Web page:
Lullabies from Hell

Yay, more Hideshi Hino! I was both elated and disappointed by this release. Elated because it’s more Hino in English, and disappointed because it’s a one-shot volume. But one-shots are better than no-shots, I suppose.

This volume contains four short stories, and I was pumped about it because I was under the impression that they were autobiographical. Only the first one contains “Hideshi Hino,” but it’s just a short story version of Panorama of Hell with some slight alterations. Even his self-portrait here is the same character as “the artist” in the older work. I love his “autobiographies,” but they tend to all be very similar, as he repeats a lot of the same material again in Collection 2 from the Hino Horror series (haven’t read Collection 1).

The second story is about a horror novel writer, not him, and he is the one that imagines his wife birthing a monster, which she then does. It is a reptile, looks a little like an iguana, and does eat puppies and kids. The reasons behind this monster baby are a little sketchy, but the setting and the world events that go on in the story are a pretty awesome scenario.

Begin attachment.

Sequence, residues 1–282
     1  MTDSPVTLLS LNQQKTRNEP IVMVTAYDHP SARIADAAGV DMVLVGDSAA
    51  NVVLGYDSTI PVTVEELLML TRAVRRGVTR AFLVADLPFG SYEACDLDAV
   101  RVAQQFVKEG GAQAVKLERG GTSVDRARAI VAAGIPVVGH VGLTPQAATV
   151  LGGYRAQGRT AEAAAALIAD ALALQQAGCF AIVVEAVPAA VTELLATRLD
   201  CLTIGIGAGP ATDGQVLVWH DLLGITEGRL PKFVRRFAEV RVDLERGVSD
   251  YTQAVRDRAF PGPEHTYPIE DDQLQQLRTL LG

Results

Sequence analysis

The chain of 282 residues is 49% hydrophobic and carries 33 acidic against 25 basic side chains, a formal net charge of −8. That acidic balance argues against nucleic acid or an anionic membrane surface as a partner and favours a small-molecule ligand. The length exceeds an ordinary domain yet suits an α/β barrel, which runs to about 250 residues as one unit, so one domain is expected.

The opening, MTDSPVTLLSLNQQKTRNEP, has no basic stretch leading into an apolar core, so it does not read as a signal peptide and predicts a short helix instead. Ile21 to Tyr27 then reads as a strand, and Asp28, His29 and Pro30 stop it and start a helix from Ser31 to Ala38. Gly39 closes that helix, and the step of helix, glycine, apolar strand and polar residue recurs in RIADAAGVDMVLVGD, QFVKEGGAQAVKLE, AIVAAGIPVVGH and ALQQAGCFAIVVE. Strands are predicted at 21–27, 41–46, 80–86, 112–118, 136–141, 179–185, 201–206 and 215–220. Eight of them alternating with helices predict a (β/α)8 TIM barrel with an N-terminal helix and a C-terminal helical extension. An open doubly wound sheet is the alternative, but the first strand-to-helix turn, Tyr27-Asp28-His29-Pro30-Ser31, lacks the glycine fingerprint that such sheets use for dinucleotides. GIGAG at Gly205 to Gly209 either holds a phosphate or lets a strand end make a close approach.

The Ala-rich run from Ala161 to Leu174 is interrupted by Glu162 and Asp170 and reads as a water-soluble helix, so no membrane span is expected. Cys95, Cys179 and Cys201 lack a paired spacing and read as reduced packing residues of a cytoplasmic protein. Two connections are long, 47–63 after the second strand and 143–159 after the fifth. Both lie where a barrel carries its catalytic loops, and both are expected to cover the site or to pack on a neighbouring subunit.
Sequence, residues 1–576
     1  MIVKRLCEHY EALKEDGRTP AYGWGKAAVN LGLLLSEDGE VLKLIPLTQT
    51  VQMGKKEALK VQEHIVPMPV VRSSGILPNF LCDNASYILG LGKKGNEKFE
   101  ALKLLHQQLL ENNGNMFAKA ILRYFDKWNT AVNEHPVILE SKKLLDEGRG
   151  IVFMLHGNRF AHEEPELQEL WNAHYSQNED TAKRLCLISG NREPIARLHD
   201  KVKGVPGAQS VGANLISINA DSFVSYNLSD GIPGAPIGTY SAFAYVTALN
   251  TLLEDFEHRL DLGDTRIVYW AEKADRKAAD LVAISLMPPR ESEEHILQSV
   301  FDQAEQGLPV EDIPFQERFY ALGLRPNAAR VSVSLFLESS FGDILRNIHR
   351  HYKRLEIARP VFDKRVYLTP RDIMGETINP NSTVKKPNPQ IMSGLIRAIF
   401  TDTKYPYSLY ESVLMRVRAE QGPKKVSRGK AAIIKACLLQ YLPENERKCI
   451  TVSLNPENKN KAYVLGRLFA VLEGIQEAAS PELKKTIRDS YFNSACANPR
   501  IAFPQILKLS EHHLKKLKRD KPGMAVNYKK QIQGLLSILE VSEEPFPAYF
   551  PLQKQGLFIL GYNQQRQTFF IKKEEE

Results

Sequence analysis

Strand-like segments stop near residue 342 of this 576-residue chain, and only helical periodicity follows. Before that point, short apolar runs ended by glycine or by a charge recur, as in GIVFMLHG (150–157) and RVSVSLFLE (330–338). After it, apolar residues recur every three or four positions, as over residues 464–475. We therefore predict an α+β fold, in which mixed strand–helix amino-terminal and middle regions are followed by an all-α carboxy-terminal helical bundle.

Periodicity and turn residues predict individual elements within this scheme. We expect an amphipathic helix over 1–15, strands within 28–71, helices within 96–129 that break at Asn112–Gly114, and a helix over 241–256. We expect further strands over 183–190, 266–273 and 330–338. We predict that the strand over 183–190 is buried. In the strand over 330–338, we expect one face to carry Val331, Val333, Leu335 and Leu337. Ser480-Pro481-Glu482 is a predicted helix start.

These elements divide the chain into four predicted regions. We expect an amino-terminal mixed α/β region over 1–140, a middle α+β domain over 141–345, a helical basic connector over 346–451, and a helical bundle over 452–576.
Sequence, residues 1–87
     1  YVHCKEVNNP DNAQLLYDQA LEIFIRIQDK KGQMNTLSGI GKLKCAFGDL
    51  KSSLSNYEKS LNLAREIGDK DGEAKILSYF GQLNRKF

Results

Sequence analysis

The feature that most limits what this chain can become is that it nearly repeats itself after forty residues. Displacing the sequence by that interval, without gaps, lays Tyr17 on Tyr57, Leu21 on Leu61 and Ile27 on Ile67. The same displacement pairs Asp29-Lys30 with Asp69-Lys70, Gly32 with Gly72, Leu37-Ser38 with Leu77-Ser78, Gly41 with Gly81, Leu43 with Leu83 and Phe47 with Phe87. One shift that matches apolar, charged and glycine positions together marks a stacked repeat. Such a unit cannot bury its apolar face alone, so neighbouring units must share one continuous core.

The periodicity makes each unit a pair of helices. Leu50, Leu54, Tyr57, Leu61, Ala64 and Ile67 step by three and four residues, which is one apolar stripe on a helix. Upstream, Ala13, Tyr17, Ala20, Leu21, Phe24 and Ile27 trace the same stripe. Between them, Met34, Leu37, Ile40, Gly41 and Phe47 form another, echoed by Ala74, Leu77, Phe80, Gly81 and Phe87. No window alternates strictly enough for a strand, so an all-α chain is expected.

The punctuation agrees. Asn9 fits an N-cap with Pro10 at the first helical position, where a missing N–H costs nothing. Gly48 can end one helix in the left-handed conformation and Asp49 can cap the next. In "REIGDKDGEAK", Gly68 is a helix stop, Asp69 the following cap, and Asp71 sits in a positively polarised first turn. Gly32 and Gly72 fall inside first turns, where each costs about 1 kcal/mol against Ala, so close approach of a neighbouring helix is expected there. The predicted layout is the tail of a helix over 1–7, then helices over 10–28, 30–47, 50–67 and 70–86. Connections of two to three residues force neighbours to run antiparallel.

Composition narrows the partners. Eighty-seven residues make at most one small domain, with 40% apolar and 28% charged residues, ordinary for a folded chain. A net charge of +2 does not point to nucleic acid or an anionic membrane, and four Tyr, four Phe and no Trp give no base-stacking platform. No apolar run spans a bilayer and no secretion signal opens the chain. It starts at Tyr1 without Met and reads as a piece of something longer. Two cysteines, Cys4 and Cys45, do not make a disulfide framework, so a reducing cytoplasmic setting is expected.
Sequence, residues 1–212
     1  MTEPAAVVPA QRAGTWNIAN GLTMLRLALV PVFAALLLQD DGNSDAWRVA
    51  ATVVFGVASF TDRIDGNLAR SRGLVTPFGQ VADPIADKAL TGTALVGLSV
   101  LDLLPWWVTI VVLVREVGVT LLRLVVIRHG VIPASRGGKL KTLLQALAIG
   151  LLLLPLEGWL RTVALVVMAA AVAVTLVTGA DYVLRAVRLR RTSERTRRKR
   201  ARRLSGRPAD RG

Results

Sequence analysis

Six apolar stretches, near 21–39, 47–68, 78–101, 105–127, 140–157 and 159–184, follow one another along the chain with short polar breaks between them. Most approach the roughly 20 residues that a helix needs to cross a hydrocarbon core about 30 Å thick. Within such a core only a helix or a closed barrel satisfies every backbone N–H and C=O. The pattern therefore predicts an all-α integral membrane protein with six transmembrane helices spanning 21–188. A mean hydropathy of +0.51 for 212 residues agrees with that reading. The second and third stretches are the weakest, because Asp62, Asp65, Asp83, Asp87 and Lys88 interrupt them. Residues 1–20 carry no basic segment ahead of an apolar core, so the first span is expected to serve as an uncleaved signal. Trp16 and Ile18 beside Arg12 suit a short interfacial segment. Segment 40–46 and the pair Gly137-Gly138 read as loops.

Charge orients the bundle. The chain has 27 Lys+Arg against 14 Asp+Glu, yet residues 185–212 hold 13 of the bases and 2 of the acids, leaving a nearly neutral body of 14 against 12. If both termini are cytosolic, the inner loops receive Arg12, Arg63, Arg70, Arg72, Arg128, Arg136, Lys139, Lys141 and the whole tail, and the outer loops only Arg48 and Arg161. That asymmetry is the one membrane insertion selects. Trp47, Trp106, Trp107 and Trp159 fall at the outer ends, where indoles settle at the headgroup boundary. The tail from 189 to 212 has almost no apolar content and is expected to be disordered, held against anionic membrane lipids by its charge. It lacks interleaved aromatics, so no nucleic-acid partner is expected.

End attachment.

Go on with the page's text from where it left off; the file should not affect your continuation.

The third one is also amazing, about three kids who slip into some sort of weird alternate dimension on a train ride back home. There is a man who keeps appearing and disappearing, and their parents, teachers, and classmates do everything in their power to kill them.

The fourth one isn’t as good as the second and third, but it’s still a really great story about a mentally handicapped man who the villiage shuns because of a disease. He is banished to a swamp where his disease festers and the villiage eventually bars his own mother from visits, then goes in to kill him because the smell from his disease is washing over the villiage. I liked the ending a lot, but it’s a bit sappy too.

All in all, AWESOME. MUST BUY.


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